3 Using a clean bowl and clean beaters, whip egg whites and cream of tartar until soft peaks form when beaters are lifted. While beating, slowly add remaining 1 cup (250 mL) sugar. Continue to beat until whites are stiff and glossy. Dividing equally, spread over batter in pans; sprinkle with almonds.

4. Bake in centre of oven for 30 minutes or until top is lightly golden and a cake tester inserted in centre comes out clean. Cool on a rack for 10 minutes; then remove cakes from pans. Place back on rack to cool completely. (Baked cakes can be kept uncovered at room temperature for up to half a day.)

5. To assemble cake, coarsely chop well-drained peaches (or oranges). Pour whipping cream and Whip it into a cold mixing bowl; add 2tbsp (25mL) sugar. Whip cream with electric beaters until firm peaks form when beaters are lifted.

6. Set aside best-looking cake round for top layer. Place 1 round on cake plate; spread with half of cream. Dot with half of fruit. Top with another round. Repeat with cream and fruit.

7. Finally add reserved top layer. Lightly sift icing sugar over top. Uncovered, cake keeps well at room temperature for several hours, but other wise cannot be prepared ahead or frozen.

Serves 10 to 12

© LCBO Food and Drink Magazine

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Sweet Potato Gnocchi with Stilton and Herb-Cream


I like March. It brings the promise of spring. However, sometimes I wonder if it’s just a cruel joke, because judging by the weather in the last few years, some of the biggest snowfall was in March. Regardless, the sun has been coming out more regularily in the past few days, and the grayness of February seems to be over. So, yay for that! And yay for savoury foods! A few days ago I was slipping through the Holiday version of the LCBO’s Food and Drink magazine and came accross this interesting recipe on Sweet Potato Gnocchi. Gnocchi, for those not in the know, is a traditional Italian meal – little dumplings made out of semolina, regular flour and/or potatoes, and then boiled. Usually served with tomato sauce, pesto, or flavoured melted butter.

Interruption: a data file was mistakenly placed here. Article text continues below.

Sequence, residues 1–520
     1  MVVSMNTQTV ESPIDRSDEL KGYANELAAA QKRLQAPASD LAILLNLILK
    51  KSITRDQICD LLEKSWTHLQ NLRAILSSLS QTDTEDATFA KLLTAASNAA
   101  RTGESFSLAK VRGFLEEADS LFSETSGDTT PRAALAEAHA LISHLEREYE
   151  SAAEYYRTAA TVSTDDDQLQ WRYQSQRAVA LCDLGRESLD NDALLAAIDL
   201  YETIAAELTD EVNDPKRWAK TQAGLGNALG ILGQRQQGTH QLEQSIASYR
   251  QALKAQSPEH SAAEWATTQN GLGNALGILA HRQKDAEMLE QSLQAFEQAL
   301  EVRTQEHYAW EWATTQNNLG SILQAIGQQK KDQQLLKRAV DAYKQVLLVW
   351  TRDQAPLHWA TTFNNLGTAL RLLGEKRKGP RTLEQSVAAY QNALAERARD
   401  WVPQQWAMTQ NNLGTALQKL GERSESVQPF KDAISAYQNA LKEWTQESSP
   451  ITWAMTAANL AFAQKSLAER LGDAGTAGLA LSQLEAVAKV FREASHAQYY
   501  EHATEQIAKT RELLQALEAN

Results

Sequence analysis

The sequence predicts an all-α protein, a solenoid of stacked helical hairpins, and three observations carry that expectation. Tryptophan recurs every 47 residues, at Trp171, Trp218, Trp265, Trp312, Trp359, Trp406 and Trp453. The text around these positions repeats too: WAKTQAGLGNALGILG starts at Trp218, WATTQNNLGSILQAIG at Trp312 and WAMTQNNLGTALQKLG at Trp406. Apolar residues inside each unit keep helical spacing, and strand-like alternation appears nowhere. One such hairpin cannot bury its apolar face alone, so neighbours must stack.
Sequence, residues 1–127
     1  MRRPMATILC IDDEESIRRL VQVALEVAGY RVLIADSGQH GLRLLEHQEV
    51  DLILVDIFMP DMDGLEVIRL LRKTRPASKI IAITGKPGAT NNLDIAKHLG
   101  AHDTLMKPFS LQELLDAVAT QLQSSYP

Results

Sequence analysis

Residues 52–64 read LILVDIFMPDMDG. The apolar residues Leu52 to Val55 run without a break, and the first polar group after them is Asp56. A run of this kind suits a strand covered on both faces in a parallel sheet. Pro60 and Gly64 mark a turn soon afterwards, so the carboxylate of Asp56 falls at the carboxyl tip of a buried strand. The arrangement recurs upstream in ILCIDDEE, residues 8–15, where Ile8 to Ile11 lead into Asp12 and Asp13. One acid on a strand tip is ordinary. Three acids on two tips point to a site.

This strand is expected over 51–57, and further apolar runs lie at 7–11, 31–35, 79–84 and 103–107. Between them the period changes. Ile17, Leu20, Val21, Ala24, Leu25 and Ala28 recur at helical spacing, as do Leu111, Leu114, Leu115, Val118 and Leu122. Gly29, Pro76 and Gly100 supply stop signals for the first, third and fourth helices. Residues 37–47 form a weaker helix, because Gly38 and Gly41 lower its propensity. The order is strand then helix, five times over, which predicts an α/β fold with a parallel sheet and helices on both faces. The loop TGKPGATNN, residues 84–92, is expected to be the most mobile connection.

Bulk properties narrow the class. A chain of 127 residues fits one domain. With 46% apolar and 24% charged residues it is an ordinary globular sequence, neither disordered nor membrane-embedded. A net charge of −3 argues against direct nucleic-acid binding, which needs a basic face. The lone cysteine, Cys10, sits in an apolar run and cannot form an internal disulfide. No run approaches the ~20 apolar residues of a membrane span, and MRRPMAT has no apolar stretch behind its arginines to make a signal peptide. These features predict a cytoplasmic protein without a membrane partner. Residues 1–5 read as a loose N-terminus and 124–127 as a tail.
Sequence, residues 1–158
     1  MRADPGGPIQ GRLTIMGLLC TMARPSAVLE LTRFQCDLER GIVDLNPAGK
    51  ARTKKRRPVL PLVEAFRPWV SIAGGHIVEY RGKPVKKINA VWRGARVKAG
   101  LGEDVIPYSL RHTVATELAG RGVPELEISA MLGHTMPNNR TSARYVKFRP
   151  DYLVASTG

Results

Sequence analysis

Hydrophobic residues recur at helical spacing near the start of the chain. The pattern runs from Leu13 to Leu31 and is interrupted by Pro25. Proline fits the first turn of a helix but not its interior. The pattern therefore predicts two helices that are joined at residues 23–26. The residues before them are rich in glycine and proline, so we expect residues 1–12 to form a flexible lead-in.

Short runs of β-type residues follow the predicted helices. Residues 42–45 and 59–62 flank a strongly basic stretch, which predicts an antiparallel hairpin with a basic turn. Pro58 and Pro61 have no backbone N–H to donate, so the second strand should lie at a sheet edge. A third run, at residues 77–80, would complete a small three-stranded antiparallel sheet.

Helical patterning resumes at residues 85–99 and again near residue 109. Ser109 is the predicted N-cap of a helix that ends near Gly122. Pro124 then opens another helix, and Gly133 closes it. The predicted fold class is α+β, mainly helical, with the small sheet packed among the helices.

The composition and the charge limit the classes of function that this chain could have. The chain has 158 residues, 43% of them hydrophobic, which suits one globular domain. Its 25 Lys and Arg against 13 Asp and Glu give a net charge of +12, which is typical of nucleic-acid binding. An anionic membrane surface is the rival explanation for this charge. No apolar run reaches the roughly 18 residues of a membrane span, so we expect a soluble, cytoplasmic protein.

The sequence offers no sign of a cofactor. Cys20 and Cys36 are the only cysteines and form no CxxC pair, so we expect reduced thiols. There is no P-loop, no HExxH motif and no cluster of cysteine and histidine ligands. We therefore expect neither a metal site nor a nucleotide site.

Hmmm…I thought to myself…I love sweet potatoes…I love gnocchi…would I love them together? Only one way to find out. I must admit, I wouldn’t think of putting the two together, but at more contemplation, it seems perfectly fitting – gnocchi are made with potatoes, and sweet potato…well, is also a potato 🙂 And, it was one of those ‘ make it from scratch’ recipes, so I was doubly intrigued.

I usually buy gnocchi ready made, so I wanted to see what the difference was between the store-bought and home-made. I would say, at least for my little creations, they tasted a bit harder and chewier than store-bought, and obviously with a touch of sweetness from the sweet potato.
The first time I had home-made gnocchi was when my friend Irene made it for me, and like a true Italian cook, she makes everything from scratch. I watched her do it and was totally blown away. Beside getting the right consistency of the dough, I would think shaping the gnocchi would be the hardest thing about them. Putting the fork in the little blob of dough and rolling it so it curls just the right way, definitely escaped me. Irene, however, did it with such grace, precision and speed…the kind that takes years of practice, I’m sure. Mine on the other hand…looked…well – like the picture above. I would say not bad for my first time…definitely a bit of that ‘artisan’ feel 🙂 I only hope that my Italian friends will still talk to me after this post and hope that I didn’t totally disgrace myself in attempting to make this 🙂 In retrospect, next time I will make them even smaller, because I didn’t factor in the fact that they get bigger once boiled.